“There are people who use alcohol and drugs to self-medicate their mental illnesses or symptoms of their mental problems and as a coping mechanism. Alcohol and drug abuse can increase the risk for mental disorders. it can make symptoms of a mental health problem worse.” Said Ita.
“When things are not going on well, there’s increased anxiety and a tendency to be depressed. There are a lot of harmful consequences of economic instability on mental health. Depression, anxiety, suicide ideation, attempted suicide, all of these are contributed by hardship in the country.”
What youths who take to unhealthy coping mechanisms do not know is that “Abusing drugs does not help in any way because at the end of the, when you’re down from that high, your problems will still be there. There are a lot of other coping mechanisms to adopt than abusing drugs,” Ita said.
A gloomy future
Nigeria will grapple with approximately 20 million drug users by 2030, a 28.5% uptick from the current 14.3 million captured in the country’s 2018 National Drug Use Survey.
The co-occurrence of mental health disorders and substance abuse is a cruel entanglement, as the presence of one worsens the other, creating a vicious cycle that prevents recovery and perpetuates a downward spiral for these vulnerable young individuals.
The consequences of poor mental health management and drug abuse among Nigerian youth are widespread and troubling. Firstly, substance abuse poses severe physical and psychological health risks, with long-term implications for overall well-being.
“Substance abuse can affect your physical health. There’s a link between your mental and physical health, so if you’re weak in body, your mind is weak and vice versa. It can also affect your academics because it’s difficult to concentrate,” Ita said.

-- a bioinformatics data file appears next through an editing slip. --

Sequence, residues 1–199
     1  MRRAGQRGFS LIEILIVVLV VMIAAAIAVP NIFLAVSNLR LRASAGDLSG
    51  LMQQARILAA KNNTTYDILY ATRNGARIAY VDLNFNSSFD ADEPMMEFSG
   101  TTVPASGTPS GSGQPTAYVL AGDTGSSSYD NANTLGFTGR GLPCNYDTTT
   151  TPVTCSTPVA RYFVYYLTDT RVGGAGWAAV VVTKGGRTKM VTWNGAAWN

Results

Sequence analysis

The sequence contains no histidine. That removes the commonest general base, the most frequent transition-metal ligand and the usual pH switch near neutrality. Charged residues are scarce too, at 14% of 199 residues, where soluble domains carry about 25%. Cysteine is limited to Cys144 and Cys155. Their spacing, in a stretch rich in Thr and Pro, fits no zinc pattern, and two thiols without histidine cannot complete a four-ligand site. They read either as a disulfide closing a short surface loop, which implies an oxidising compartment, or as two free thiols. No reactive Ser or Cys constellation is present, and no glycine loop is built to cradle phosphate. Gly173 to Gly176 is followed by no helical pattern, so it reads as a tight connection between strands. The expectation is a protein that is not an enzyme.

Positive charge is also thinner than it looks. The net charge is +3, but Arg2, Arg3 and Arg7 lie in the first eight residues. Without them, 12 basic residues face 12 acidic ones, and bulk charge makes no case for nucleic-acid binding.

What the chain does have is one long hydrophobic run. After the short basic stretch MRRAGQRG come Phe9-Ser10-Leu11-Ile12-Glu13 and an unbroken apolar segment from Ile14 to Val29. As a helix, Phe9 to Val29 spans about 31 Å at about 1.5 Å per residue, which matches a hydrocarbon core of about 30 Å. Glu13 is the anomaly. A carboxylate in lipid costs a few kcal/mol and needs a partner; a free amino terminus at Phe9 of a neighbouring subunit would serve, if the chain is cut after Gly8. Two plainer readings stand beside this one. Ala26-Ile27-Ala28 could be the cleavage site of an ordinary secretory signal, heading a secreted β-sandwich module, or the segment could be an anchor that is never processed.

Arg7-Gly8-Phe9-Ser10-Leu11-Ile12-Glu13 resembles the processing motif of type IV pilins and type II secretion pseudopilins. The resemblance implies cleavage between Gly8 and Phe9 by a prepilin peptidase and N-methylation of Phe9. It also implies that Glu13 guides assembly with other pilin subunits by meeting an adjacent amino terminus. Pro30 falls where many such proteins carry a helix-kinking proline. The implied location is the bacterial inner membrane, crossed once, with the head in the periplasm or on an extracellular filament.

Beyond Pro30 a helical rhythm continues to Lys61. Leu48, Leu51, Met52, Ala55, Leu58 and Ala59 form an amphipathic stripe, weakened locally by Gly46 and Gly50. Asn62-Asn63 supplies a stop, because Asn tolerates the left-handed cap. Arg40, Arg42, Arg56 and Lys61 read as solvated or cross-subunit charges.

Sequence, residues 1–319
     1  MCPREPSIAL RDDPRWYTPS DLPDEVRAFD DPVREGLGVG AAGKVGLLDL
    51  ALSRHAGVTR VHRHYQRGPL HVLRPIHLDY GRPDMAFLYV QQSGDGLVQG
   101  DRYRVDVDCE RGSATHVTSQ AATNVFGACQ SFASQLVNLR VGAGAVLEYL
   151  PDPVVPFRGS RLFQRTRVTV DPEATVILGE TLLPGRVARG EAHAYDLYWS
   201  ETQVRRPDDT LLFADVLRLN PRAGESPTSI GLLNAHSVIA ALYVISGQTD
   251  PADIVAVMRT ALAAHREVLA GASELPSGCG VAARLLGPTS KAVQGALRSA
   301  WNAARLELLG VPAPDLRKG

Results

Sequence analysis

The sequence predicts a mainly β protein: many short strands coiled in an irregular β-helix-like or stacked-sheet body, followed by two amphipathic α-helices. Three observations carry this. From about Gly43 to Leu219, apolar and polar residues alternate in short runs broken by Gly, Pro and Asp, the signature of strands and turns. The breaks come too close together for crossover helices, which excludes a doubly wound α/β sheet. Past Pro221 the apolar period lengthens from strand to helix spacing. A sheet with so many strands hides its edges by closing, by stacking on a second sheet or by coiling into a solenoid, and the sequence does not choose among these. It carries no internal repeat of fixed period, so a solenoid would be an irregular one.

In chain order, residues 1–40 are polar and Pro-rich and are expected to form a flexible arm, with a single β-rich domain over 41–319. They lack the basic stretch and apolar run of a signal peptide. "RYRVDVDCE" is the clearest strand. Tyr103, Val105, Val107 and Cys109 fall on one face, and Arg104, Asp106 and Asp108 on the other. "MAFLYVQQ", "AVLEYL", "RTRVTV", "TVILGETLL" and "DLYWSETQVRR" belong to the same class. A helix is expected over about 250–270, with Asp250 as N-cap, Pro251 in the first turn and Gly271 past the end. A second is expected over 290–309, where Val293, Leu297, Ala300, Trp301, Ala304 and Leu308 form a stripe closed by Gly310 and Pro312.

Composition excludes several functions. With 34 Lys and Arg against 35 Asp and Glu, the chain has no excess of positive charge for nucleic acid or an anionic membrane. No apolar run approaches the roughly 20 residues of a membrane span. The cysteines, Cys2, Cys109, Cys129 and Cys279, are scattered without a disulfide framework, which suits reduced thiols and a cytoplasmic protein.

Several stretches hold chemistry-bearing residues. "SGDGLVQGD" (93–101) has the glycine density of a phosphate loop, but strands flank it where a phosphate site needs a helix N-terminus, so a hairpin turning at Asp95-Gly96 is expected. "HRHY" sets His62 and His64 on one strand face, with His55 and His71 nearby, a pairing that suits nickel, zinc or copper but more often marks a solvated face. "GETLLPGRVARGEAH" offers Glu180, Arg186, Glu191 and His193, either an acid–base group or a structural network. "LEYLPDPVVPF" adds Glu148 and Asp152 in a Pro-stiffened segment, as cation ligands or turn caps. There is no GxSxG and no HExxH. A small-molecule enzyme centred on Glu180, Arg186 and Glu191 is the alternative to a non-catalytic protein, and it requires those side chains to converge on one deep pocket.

Another long-term effect of drug abuse is the difficulty of stopping.
“When someone is trying to wean off drugs, there’s something called withdrawal syndrome. Being in that phase can cause mood disturbances or depression, which can make recovery difficult, so there’s a high tendency for the person to relapse into substance abuse. It is advisable to not even start,” Ita said.
Furthermore, strained relationships with family, friends, and peers become commonplace, further isolating individuals and hindering their ability to form meaningful connections. This isolation makes them more vulnerable to the harsh realities of crime and violence, putting their safety and security at risk.
The path forward
Breaking the silence and eradicating mental health stigma is crucial to addressing mental health challenges. We must foster an environment encouraging open dialogue where young Nigerians can seek help without fear of judgement.
Additionally, investing in expanding mental health services and resources is essential, particularly in underserved areas.
Adequate funding and training for mental health professionals and integrating mental health education in schools can contribute to early intervention and prevention.
And having a sound support system is essential Because “we all need someone to reach out to when times are tough. Whether they are friends, family, co-workers,” Ita said
However, she cautioned: “Remember that you’re the most important member of your support system. As much as we need people to help us when we’re down, it is very important to realise that we also need to give ourselves love and extend ourselves that courtesy by either practising self-care, setting boundaries, developing coping mechanisms like journaling, strolling and meditation.”
By embracing these measures and working collectively, we can pave the way for a brighter future, where Nigerian youth can navigate their mental health challenges with resilience, breaking free from the clutches of drug abuse and reclaiming their well-being and potential.